My favorite hate, however, is the expert Crowd-Wiggler, male or female. These are the ones who work their way slowly up the crowded car, picking the spots and the instants when the crowding is worst to heave themselves into it, and squeeze and squidge themselves amid the helpless strugglers.
Have we not been working in a wrong direction when we criticize the conductors and motormen? Are those ungentle ones among them not soured by daily contact with these many varieties of street car Whiffenpoofs?
Editor’s Note: A wiffenpoof is a generic term for an imaginary creature. You can tell in these very early stories that Greg used to take the street car to work.
By Gregory Clark, Illustrated by James Frise, November 18, 1939.
“You can scare a man into generosity,” said Jim, and a policeman proved his point
“The most wonderful thing about human nature,” said Jimmie Frise, “is the way we all fall in line as soon as war is declared.”
“It wouldn’t be healthy to do anything else,” I pointed out.
“Now, don’t be cynical,” cautioned Jim. “In times like these, you should look for the best in human nature.”
“I think human nature never changes, Jim,” I submitted. “I think that those of us who are noble will act no more nobly now than we have always acted, and that those of us who are mean will act meanly now, as usual.”
“War brings the best out of us,” declared Jimmie firmly.
“And the best that some of us have got isn’t much.” I reminded. “You can’t change a greedy man into a generous man merely by asking him to be generous.”
“But we can scare him into generosity,” stated Jim hotly.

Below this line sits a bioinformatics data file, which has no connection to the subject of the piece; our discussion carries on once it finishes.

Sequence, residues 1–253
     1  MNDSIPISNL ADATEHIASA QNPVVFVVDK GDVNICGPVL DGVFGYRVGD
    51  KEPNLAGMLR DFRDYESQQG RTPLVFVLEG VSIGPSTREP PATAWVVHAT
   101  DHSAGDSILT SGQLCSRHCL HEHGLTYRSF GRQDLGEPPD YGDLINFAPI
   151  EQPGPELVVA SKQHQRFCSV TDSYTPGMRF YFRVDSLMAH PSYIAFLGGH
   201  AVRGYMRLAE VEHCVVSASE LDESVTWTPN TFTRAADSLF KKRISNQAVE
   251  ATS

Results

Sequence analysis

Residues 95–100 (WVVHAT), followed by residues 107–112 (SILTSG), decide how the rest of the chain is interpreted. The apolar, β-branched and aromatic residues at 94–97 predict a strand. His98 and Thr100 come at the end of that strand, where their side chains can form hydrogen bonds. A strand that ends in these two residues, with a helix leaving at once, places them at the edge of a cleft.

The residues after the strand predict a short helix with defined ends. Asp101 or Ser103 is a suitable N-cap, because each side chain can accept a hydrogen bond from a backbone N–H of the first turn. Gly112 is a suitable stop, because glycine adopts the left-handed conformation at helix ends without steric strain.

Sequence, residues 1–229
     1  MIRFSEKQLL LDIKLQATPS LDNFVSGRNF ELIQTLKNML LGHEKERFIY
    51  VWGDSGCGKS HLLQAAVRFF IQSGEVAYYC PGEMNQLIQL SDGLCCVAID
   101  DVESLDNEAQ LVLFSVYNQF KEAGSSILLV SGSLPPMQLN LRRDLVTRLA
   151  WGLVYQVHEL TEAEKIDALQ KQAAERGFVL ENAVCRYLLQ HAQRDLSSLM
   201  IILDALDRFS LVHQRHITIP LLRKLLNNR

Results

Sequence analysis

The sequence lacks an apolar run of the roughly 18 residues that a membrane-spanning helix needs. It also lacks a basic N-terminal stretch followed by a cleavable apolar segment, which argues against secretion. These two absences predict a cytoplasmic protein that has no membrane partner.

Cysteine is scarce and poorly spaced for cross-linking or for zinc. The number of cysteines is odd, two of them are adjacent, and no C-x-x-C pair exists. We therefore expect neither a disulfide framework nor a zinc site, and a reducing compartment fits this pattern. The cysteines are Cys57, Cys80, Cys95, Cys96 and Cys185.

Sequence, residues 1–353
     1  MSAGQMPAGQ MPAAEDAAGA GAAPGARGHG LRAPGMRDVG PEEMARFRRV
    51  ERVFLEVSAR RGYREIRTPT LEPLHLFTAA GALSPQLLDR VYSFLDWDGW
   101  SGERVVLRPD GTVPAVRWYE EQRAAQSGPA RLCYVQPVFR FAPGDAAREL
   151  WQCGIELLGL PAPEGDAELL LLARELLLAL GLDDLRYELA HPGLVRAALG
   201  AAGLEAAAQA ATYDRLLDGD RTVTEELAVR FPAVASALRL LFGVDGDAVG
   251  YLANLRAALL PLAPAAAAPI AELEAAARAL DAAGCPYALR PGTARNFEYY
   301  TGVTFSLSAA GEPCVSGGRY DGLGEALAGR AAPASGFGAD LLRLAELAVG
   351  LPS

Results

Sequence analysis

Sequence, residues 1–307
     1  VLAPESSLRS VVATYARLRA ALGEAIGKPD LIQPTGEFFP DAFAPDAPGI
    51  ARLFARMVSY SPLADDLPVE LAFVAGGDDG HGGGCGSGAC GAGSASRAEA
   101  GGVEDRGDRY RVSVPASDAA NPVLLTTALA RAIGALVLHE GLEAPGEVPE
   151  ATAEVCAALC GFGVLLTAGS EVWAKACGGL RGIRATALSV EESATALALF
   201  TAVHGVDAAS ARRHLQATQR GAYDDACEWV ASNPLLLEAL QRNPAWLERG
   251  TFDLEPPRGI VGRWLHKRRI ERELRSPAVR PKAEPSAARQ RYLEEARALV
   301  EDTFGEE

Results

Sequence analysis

“That’s what I say,” I repeated. “It wouldn’t be healthy not to fall in line, in time of war. You have to pretend to be noble and generous and patriotic. But you would be surprised if you could read the hearts all around you, and see how men are plotting to get contracts, and scheming to get jobs and commissions in the army, not out of any desire to serve, but only because it is their nature, and their lifelong habit, to get as much as they can.”
“Most of us aren’t like that,” asserted Jim.
“Quite right,” I agreed. “Most of us are the way we are, just plain, patient people, without any startling talent, without any special ambition or drive. We have our joys and our sorrows. We love much more than we hate. We can rise to great heights of faith and patriotism, and we really give much more than we ever get.”
“That’s true,” said Jim. “One of the truest things you ever said. The vast majority of people really give far more than they get.”
“But when you admit that the majority of people are gentle and generous and friendly,” I persisted, “you must also admit that there is a percentage of them that are mean and greedy and crafty. They’re still here. Even with the war on, they’re still with us, and all the war in the world wouldn’t make them any different. So you see, war doesn’t actually affect human nature at all. All it does is emphasize the fact that the majority of mankind is fairly noble. Because the ignoble ones have, for safety’s sake, camouflaged their true character.”
Making Money By Accident
“That’s an awful view to take,” sighed Jim.
“Aw, Jim, think,” I protested. “Think of any mean, crafty, greedy guy you know. Think of him now. With the war on. In what way is he any different? Do you imagine for a minute that he has given up scheming and conniving? Do you think that now, having never done a generous or unselfish thing in all his life, he is suddenly going to offer himself up as a sacrifice?”
“I think war,” said Jim, “gives men the one great chance of their lives to make amends for a mean life.”